Climate change is any substantial change in Earth’s climate that lasts for an extended period of time. Global warming refers to
climate change that causes an increase in the average temperature of the lower atmosphere. Global warming can have many different
causes, but it is most commonly associated with human interference, specifically the release of excessive amounts of greenhouse gases.
Greenhouse gases, such as carbon dioxide (CO
), methane (CH
), water vapor, and fluorinated gases, act like a greenhouse around the
earth. This means that they let the heat from the Sun into the atmosphere, but do not allow the heat to escape back into space. The more
greenhouse gases there are, the larger the percentage of heat that is trapped inside the earth’s atmosphere. The earth could not exist in its
present state (that is, with life) without the presence of some naturally occurring greenhouse gases, such as CO
, and water vapor.
Without any greenhouse gases no heat would be trapped in atmosphere, so the earth would be extremely cold. (NASA, 2002)
Naturally occurring greenhouse gases (not fluorinated gases) are good in naturally occurring amounts;
it’s when people start contributing excessive amounts of them that greenhouse gases become a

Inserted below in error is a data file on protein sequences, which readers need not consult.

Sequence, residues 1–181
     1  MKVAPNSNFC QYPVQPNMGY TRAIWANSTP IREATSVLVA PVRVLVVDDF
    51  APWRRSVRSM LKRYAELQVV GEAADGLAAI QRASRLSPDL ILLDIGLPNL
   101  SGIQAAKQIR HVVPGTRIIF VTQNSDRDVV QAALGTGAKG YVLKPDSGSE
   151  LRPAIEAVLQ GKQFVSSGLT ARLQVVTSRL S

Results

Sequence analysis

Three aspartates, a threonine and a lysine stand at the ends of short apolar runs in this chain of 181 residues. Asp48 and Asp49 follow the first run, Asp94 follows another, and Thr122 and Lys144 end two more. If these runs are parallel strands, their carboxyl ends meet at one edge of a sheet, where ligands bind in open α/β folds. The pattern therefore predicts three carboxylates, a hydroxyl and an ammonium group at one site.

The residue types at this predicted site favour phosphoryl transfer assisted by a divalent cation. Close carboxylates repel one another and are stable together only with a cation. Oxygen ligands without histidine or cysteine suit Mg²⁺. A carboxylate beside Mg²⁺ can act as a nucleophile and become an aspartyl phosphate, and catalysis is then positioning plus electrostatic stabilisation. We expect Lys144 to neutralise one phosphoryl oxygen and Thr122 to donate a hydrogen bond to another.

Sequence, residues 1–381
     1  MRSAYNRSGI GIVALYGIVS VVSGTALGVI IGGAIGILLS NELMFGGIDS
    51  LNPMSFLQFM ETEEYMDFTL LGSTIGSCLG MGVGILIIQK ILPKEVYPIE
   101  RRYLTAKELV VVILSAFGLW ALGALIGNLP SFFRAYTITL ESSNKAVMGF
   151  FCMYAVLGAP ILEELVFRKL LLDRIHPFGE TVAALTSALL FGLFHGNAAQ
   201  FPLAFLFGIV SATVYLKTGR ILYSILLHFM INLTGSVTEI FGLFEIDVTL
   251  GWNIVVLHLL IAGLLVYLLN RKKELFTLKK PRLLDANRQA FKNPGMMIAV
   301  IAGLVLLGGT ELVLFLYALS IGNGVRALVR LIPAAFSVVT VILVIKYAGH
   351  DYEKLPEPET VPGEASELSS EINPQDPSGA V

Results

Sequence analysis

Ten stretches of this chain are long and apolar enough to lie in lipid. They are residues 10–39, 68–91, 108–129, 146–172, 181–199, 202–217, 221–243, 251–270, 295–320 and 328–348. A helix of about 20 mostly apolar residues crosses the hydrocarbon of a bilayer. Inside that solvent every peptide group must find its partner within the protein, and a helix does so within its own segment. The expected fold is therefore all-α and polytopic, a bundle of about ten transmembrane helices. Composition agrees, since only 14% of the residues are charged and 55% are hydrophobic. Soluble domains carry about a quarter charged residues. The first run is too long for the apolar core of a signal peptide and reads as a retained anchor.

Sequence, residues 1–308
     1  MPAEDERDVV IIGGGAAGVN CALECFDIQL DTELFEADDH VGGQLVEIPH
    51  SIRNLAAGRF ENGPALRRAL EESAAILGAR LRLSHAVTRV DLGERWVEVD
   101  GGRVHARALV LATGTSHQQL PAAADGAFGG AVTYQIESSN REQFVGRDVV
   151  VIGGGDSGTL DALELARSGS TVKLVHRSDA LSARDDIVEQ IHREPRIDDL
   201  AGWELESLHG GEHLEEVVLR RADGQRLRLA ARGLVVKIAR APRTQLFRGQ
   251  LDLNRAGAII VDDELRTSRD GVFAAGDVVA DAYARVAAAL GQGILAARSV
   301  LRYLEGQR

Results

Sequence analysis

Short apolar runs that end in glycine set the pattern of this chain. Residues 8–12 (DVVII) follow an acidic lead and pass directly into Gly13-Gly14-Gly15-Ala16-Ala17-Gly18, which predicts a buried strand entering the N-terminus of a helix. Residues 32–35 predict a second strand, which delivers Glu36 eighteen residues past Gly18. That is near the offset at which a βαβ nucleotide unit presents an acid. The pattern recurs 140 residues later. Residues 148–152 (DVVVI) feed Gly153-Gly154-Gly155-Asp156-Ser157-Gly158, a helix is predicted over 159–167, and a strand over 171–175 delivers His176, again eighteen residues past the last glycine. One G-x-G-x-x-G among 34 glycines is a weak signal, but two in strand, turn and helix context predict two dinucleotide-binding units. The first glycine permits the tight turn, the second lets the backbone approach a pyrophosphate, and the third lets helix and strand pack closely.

problem. With excessive greenhouse gas buildup, the earth’s atmosphere warms to unnatural
temperatures which causes, among other things, sea level to rise. Global warming also causes sea
surface temperatures to rise, precipitation patterns to change, etc.
The rate of warming is increasing. The 20th century's last two decades were the hottest in 400
years and possibly the warmest for several millennia, according to a number of climate studies.
And the United Nations' Intergovernmental Panel on Climate Change (IPCC) reports that 11 of
the past 12 years are among the dozen warmest since 1850.
• The Arctic is feeling the effects the most. Average temperatures in Alaska, western Canada, and
eastern Russia have risen at twice the global average, according to the multinational Arctic
Climate Impact Assessment report compiled between 2000 and 2004.
• Arctic ice is rapidly disappearing, and the region may have its first completely
ice-free summer by
Polar bears and indigenous cultures
are already suffering from the sea-ice loss.
• Glaciers and mountain snows are rapidly melting—for example,